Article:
GOLDEN Technical Director Presents at Modern Paints Uncovered Symposium at Tate Modern in London
June 30, 2006
Golden Artist Colors, Inc. Technical Director James Hayes recently presented a paper co-authored by Dr. Gregory Smith, a conservation scientist from Buffalo State College who is also its first Andrew W. Mellon Assistant Professor of Conservation Science, regarding modern materials at a symposium held at Tate Modern in London.
Modern Paints Uncovered, which was co-organized by the Getty Conservation Institute, the National Gallery of Art in Washington, D.C., and Tate, drew together the varied strands of research currently being conducted by conservation scientists and conservators on modern paint materials and addressed some of the concerns associated with these paints and the challenges inherent in developing appropriate conservation protocols. The integrated collaborative project, which began in 2002, was directed toward answering some of the many conservation questions about the character of modern paints. In its initial phase, it focused on three areas including, improved methods for analysis, better understanding of the physical properties and surface characteristics of modern paints, and assessment of the effects of cleaning treatments on acrylic emulsion paints. It was the first event of its kind for the modern paints conservation community.
"I was thrilled to be a part of this tremendous event," said GOLDEN Technical Director James Hayes. "Being able to collaborate with the conservation community has allowed us access to incredibly talented scientists, giving us the ability to analyze and understand these materials at a much deeper level."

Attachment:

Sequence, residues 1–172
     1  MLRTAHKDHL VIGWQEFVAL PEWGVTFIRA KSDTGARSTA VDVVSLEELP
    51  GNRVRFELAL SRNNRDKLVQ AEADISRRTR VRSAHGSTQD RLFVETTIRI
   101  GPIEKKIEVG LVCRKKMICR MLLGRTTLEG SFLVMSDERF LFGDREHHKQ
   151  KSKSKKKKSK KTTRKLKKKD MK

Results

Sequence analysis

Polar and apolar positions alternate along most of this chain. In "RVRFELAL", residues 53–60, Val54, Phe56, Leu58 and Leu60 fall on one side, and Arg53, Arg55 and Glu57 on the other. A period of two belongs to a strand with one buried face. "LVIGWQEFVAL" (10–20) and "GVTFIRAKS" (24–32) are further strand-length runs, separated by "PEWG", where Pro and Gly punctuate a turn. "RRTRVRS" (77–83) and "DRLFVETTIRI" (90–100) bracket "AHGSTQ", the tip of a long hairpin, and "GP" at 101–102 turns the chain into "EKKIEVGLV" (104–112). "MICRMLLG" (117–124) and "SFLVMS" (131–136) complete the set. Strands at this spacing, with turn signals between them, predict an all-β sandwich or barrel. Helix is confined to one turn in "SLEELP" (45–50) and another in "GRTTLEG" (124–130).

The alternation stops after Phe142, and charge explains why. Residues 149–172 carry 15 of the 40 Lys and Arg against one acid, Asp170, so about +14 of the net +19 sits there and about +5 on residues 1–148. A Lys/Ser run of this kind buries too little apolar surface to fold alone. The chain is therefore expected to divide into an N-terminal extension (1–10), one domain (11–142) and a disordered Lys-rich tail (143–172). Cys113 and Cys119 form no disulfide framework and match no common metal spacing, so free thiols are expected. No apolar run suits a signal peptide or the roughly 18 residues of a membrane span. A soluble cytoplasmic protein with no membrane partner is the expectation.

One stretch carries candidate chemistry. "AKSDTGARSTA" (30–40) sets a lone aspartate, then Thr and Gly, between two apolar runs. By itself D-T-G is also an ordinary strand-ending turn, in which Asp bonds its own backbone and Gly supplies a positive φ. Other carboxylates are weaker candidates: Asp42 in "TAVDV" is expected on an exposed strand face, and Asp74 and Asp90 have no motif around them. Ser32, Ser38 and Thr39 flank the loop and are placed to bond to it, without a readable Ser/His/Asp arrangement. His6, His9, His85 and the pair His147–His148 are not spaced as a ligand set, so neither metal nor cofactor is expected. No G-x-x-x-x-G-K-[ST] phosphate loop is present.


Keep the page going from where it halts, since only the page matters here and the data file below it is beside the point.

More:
Dr. Gregory Smith
Hayes' and Smith's paper, titled, "From Formulation to Finished Product: Causes and Potential Cures for Conservation Concerns in Acrylic Emulsion Paints," explored the relationship between formulation choices and the major longevity concerns regarding artwork executed in acrylic emulsion media. New directions in coatings formulations, primarily arising from the industrial coatings sector, were discussed in relation to their potential for improving properties of artists' paints. Finally, intervention at the level of the artist, especially regarding aqueous cleaning, isolation coatings and picture varnishing, were discussed as a means of mitigating conservation concerns in the future.
"Working with Jim is particularly rewarding since it gives me insight into the manufacturing process and an energetic collaborator in my own studies into the conservation surrounding acrylic dispersion paints," said Smith. "Our joint paper at Modern Paints Uncovered showed the devotion that Golden Artist Colors has for the longevity of their products and it highlighted the significant research that has gone into constantly improving the GOLDEN brand of artists' paints."
There were several other presenters and topics discussed at the event, which attendees have touted as a tremendous success. According to Smith,"I felt like it was a quantum leap in my understanding of the materials as well as in my enthusiasm to tackle challenges I've been encountering in my research." "The symposium was definitely a very energetic place to be, but of utmost importance was the collaboration this event allowed between various groups, including manufacturers, conservation scientists, conservators, and others," said Hayes.
Dr. Tom Learner
If you are interested in learning more about "From Formulation to Finished Product: Causes and Potential Cures for Conservation Concerns in Acrylic Emulsion Paints," or other research presented at the symposium, please go to www.getty.edu/conservation/science/modpaints/mpu.html for more information. The Getty is planning to publish a post print to the symposium in late 2007, so please check its Web site periodically for updates.